Wealdstone redevelopment, Dec 2016


Harrow Council is proposing a £3million redevelopment of the roads in Wealdstone town centre. This will involve rerouting buses, removing pedestrian guardrail and improving some pedestrian crossings. The existing short section of cycle track alongside the Peel House car park (which will become the new civic centre) will be retained but there will be no new segregated cycle tracks, and proposed cycle routes which were in Harrow’s 2013 Cycling Vision (mini-Holland bid) and the current Cycling Strategy are not included in the plans. Disappointingly, the Goodwill to All junction (Headstone Drive / Harrow View) will be redeveloped with inconvenient multi-stage crossings for pedestrians and additional motor traffic lanes, but no space for cycling.

Previous proposals

Vision for Cycling (2013)

In the ‘Vision for Cycling’ submitted as the mini-Holland bid in 2013, Harrow proposed a ‘Heart of Harrow’ cycle route along the Station Road corridor (orange in the map blow). You can download the document here.

Harrow Council’s Heart of Harrow mini-Holland proposal (2013)

There was also a Cross-Harrow cycle route proposed along Headstone Drive (red in the map above). More details about the proposals can be downloaded here.

Heart of Harrow Action Plan (2014)

In the Heart of Harrow Area Action Plan (a detailed development plan for Harrow and Wealdstone town centres), the Station Road corridor was identified as a key cycling desire line along which cycling facilities were poor.

Improvements proposed for Wealstone Town Centre included replacement of the George Gange Way roundabout with a signalised junction and a new walking/cycling bridge over the railway between the Kodak site and Tudor Road. You can download the document here.

Current proposals

Overview of proposals

Current Wealdstone proposals overview

The overview map shows a number of proposed cycle routes (green lines), including the cross-Harrow route. However, the Station Road route is absent. The overall network is quite sparse, and needs to be supplemented by cycle-friendly minor roads and good permeability for cyclists among the residential road network (avoiding unnecessary one-way systems or detours).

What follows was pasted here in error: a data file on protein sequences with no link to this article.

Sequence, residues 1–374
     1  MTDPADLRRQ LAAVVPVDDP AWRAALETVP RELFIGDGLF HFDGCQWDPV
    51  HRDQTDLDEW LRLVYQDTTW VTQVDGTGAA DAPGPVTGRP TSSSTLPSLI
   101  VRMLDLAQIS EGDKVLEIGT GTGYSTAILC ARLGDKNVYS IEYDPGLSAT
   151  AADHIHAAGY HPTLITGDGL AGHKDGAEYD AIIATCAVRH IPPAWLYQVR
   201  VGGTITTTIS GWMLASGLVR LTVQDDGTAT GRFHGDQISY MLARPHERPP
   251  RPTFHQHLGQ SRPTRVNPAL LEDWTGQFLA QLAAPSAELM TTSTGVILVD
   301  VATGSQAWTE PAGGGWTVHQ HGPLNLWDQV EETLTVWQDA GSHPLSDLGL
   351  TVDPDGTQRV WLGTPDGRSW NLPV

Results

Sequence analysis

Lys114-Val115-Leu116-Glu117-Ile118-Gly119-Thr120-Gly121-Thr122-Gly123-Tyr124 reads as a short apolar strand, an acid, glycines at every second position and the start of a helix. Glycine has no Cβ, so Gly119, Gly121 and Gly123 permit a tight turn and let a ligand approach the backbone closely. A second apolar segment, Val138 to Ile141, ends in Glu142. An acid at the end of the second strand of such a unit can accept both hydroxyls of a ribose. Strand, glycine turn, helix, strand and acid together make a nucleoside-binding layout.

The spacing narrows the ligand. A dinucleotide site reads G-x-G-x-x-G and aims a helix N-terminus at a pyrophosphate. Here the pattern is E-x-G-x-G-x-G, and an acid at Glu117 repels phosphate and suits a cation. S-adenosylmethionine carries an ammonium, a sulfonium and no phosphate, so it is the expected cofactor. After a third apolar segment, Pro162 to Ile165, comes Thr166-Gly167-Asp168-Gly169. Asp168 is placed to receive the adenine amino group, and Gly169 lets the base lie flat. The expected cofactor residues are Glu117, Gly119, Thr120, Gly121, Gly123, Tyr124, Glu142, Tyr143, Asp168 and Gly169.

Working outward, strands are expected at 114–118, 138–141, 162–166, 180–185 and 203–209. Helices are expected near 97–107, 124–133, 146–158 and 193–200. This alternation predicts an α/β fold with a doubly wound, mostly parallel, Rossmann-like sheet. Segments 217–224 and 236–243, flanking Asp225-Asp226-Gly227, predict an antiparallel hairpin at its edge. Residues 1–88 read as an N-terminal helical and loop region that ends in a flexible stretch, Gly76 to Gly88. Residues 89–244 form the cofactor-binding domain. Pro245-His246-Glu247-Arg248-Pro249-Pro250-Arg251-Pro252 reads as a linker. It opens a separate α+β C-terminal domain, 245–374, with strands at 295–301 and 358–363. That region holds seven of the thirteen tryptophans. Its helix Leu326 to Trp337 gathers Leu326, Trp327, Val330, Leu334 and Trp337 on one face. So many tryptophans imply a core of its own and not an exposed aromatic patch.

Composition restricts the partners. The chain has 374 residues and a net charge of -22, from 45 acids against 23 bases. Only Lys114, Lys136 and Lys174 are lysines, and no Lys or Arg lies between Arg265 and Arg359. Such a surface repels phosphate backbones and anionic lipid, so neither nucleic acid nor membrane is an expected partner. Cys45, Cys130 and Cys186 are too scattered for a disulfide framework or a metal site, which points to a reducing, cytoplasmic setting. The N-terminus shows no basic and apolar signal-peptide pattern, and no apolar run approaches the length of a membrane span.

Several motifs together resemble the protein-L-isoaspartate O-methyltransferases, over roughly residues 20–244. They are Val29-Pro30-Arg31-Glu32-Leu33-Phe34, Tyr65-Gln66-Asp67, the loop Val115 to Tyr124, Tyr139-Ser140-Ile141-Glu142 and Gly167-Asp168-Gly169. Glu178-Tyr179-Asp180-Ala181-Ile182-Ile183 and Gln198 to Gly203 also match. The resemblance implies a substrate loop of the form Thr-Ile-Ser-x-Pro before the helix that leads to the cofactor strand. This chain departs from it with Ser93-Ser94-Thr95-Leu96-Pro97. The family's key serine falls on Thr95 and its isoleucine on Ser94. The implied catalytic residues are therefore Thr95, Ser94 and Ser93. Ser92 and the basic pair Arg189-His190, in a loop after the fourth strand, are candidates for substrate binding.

The Station Road route has been dropped because the road is ‘too narrow’, although nothing has changed since the 2013 Vision for Cycling when it was considered wide enough to become a key cycle route.

Details of proposals in Wealdstone town centre

Current Wealdstone proposals details

Details of the town centre proposals include re-routing of buses and removal of pedestrian guardrailing. However, there are also some changes proposed which will make cycling more difficult:

  • One-way traffic on Palmerston Road with no cyclist exemption
  • One-way bus traffic on part of the High Street with no cyclist exemption
  • Conversion of the segregated cycle track outside Trinity Church (part of the cross-Harrow cycle route) to a shared use public square, intended to be used for markets and public events

You can download details of the proposals here.

Proposals for Ellen Webb Drive

The proposal for the Ellen Webb Drive junction is for this to be signalised with a toucan crossing and shared footway for cyclists.

Proposals for Goodwill Junction crossroads

The proposals for Goodwill Junction are for an additional left turn slip lane and a traffic island on Headstone Drive, but no cycling facilities.

Harrow Cyclists response

We sent the following email to all councillors on the Traffic and Road Safety Advisory Panel.

Dear TARSAP councillors,

Following on from the last TARSAP meeting, Harrow Cyclists have reviewed the proposed Wealdstone redevelopment plans presented at the meeting. Harrow Cyclists is the local branch of the London Cycling Campaign, a membership organisation with over 12000 members across London.

We are extremely disappointed with these plans as they fail to provide the safe, convenient, accessible cycle network that Harrow deserves. The plans are poorly thought out and not compliant with current design standards. The plans also contradict Harrow’s Cycling Strategy, despite them both being presented at the same meeting. Constructing this scheme will be a waste of money and will likely lead to congestion, poor health and pollution for years to come.

The problems with these proposals are as follows:

1. Failure to incorporate proposed cycle routes in redevelopment plans.

Two key cycle routes that are part of Harrow’s Vision for Cycling (the mini-Holland proposal) have been removed. A ‘Heart of Harrow’ cycle route along the A409 (Sheepcote Road / Station Road) was a key feature of the Vision, and the argument that the road is too narrow for cycling infrastructure is not true. Surplus space (extra lanes, central hatching, on-street parking) can be reallocated from motor vehicles to create a continuous, direct cycle track from Northwick Park Roundabout to the new Civic Centre site on Peel Road. The only part of the road that is too narrow for a cycle track is just south of the railway bridge, but the road here could be widened as part of the Poet’s corner major redevelopment.

The second key corridor for a cycle route is along Headstone Drive. The Vision for Cycling stated that cycle tracks would be built alongside the Kodak site, but this is no longer proposed. There was also a proposal in the Vision for Cycling that the Goodwill junction would be remodelled to include cycling facilities, but the current proposal has multiple lanes for motor traffic but no space for cycling. The advanced stop lines which are  proposed do not provide sufficient safety for cyclists at such a busy junction. A single poorly designed junction renders the entire cycle route useless, because most people are not willing to cycle among motor traffic.